21. Audretsch, David B & Feldman, Maryann P, 1996. "R&D Spillovers and the Geography of Innovation and Production," American Economic Review, American Economic Association, vol. 86(3), pages 630-40, June.
  22. Di Gregorio, Dante & Shane, Scott, 2003. "Why do some universities generate more start-ups than others?," Research Policy, Elsevier, vol. 32(2), pages 209-227, February.
  23. Lynne G. Zucker & Michael R. Darby, 2006. "Movement of Star Scientists and Engineers and High-Tech Firm Entry," NBER Working Papers 12172, National Bureau of Economic Research, Inc.
  24. Lynne G. Zucker & Michael R. Darby, 1996. "Costly Information in Firm Transformation, Exit, or Persistent Failure," NBER Working Papers 5577, National Bureau of Economic Research, Inc.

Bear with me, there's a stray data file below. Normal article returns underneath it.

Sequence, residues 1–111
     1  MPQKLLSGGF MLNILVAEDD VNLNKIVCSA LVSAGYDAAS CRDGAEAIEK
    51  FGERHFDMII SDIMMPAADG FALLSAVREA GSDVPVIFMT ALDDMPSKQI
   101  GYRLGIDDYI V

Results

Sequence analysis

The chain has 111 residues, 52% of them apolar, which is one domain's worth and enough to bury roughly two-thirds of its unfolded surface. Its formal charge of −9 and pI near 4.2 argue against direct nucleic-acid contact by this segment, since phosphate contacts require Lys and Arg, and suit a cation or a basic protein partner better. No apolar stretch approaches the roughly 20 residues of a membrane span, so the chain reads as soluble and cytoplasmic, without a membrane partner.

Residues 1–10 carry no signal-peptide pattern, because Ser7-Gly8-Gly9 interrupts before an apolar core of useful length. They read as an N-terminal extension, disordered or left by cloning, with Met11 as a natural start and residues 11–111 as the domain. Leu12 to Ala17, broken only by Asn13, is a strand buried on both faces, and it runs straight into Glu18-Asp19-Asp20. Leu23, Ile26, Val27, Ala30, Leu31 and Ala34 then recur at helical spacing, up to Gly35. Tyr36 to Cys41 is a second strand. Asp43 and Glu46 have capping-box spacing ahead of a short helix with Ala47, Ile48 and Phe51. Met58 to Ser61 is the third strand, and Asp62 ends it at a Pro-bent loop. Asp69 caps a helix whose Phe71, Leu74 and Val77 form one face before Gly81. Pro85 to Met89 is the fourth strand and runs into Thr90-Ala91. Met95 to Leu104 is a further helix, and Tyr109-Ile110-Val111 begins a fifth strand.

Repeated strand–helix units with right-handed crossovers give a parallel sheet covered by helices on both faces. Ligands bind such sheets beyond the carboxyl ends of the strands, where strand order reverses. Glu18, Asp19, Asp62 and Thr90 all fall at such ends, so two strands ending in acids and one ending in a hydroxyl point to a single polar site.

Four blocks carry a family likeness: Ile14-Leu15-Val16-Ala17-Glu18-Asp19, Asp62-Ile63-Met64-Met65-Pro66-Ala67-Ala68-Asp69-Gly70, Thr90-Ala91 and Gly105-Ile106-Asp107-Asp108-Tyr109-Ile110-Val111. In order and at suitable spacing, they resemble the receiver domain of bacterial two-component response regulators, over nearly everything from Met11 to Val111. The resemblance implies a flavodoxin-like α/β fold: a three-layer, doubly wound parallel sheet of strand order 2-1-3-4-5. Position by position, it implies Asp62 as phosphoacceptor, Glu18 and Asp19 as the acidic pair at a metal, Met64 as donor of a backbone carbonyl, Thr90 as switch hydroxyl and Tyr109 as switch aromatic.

25. Nelson, Richard R. & Wolff, Edward N., 1997. "Factors behind cross-industry differences in technical progress," Structural Change and Economic Dynamics, Elsevier, vol. 8(2), pages 205-220, June.
  26. Lynne G. Zucker & Michael R. Darby, 2007. "Virtuous circles in science and commerce," Papers in Regional Science, Wiley Blackwell, vol. 86(3), pages 445-470, 08.
  27. Michael R. Darby & Qiao Liu & Lynne G. Zucker, 2004. "High Stakes in High Technology: High-Tech Market Values as Options," Economic Inquiry, Western Economic Association International, vol. 42(3), pages 351-369, July.
  28. Zucker, Lynne G & Darby, Michael R & Armstrong, Jeff, 1998. "Geographically Localized Knowledge: Spillovers or Markets?," Economic Inquiry, Western Economic Association International, vol. 36(1), pages 65-86, January.